George Bellows is hardly known nowadays, but in America in the 1920s he was far more famous than his exact contemporary and friend, Edward Hopper. Hopper’s vision of cinematic stillness and urban alienation has grown ever more popular but Bellows, as a member of the ‘Ashcan’ group of painters, was attracted to a very different side of American city life. He was drawn to the energy and tumult, the crowds and clamour – from throngs of tenement kids bathing in New York’s muddy East River through heaving midtown traffic jams where horse-drawn carriages jostled the newfangled automobiles, to the picnicking middle-classes flocked across Central Park lawns. Indeed, if Bellows is remembered at all today, it’s for ‘Stag at Sharkey’s’ – one of several thrillingly action-packed paintings of boxing matches that made his name in 1909.
Certainly, it’s a doozy of a painting, capturing the pulsating violence of the clandestine prize-fighting scene (boxing was illegal at the time), with the pugilists reduced to sinuous, twisted knots of meat. No wonder Francis Bacon was such an admirer. Not just the boxers, but the baying and leering spectators, the thick, gestural paint handling – the whole thing radiates a kind of warped, exhilarating energy. Later on, too, in numerous lithograph commissions for left-wing magazines, Bellows displayed an almost Goya-like ability for caricature and physical depiction, portraying the demented fury of rabble-rousing Evangelist preachers, or the awful inhumanity of Southern racists burning an African-American man alive at the stake.
Even when he wasn’t painting crowds of people, there was often still a lurking sense of violence or chaos to his work.
In his studies of Penn Station being built, the construction site becomes something hellish and nightmarish – a blasted wasteland, a gaping, fiery wound in the surface of New York. And there’s a similar sense of confronting the raw face of nature, peeling back the veneer of civilization, in his numerous paintings of the limits of Manhattan island, looking off into the snowy wilds just beyond the Hudson River.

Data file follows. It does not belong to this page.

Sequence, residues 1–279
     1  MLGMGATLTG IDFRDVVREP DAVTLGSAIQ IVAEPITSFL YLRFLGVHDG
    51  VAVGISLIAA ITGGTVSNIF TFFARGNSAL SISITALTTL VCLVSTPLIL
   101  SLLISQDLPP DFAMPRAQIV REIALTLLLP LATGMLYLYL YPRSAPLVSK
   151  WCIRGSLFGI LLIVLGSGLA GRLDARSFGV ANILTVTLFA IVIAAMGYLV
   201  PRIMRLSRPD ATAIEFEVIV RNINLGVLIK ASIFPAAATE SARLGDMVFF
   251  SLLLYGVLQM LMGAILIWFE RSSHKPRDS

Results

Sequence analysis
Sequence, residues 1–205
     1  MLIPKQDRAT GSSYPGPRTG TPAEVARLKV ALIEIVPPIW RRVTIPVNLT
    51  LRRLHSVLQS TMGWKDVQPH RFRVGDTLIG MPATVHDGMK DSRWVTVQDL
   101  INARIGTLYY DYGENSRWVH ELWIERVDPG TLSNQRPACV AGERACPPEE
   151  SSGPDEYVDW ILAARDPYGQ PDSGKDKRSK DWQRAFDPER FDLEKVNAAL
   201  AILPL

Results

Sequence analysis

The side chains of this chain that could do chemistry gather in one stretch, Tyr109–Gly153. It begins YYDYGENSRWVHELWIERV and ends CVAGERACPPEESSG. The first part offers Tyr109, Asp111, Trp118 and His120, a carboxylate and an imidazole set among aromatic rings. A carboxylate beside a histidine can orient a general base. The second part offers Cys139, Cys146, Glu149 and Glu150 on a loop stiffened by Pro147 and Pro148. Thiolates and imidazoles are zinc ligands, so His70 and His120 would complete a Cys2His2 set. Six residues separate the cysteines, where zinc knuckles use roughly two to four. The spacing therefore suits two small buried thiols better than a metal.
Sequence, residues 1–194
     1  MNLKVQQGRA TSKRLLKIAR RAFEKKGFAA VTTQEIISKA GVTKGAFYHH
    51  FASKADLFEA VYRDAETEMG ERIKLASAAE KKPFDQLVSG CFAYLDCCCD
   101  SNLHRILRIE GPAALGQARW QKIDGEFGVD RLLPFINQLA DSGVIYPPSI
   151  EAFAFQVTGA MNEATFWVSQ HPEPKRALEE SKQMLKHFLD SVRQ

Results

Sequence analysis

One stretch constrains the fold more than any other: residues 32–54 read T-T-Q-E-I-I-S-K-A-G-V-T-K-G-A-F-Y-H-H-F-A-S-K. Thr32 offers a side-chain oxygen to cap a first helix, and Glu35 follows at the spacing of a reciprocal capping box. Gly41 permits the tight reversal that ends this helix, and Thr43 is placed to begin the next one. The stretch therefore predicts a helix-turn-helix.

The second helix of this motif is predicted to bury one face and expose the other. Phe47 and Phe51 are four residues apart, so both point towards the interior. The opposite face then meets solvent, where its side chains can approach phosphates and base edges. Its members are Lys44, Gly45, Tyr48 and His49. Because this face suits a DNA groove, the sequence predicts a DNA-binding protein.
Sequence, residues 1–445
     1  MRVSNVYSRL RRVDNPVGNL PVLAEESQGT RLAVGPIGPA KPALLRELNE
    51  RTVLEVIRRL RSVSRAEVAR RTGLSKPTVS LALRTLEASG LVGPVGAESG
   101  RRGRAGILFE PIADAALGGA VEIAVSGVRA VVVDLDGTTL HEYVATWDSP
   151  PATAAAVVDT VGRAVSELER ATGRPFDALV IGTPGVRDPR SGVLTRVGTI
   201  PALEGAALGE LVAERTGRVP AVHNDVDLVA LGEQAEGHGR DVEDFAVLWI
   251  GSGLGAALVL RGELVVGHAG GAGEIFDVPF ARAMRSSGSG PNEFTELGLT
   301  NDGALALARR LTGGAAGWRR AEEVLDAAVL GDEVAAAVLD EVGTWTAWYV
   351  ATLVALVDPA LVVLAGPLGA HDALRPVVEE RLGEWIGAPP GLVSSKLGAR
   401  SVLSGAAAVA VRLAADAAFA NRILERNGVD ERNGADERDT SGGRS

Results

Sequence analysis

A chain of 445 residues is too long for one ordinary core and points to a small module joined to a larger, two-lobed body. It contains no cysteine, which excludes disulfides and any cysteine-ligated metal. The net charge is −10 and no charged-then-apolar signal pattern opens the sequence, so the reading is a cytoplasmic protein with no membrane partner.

Yet, oddly, when it came to depicting the greatest violence of all, World War I, the results are something of a disappointment. Perhaps because he never actually visited Europe, instead basing his work on foreign accounts and propaganda reports, his quartet of vast war paintings is pure grand guignol – aiming to shock America into support for the war with images of evil, spike-helmeted Huns maiming helpless Belgian prisoners and civilians. Today, though, the pieces simply come off as a weird combination of stilted grandiosity and over-the-top schlock.
There’s a return to form towards the end of his life – or rather, to a completely different sort of form. His late, bucolic scenes, painted in high-register colours and with strange perspective effects, feel woozy, ethereal, even slightly surreal. Though he declared himself baffled by European modernism, it’s tempting to speculate where his art might have led – had he not died of peritonitis aged 42. Still, there’s more than enough in this fantastic exhibition to rehabilitate him, and to surely establish his status as one of America’s greatest and most visionary artists.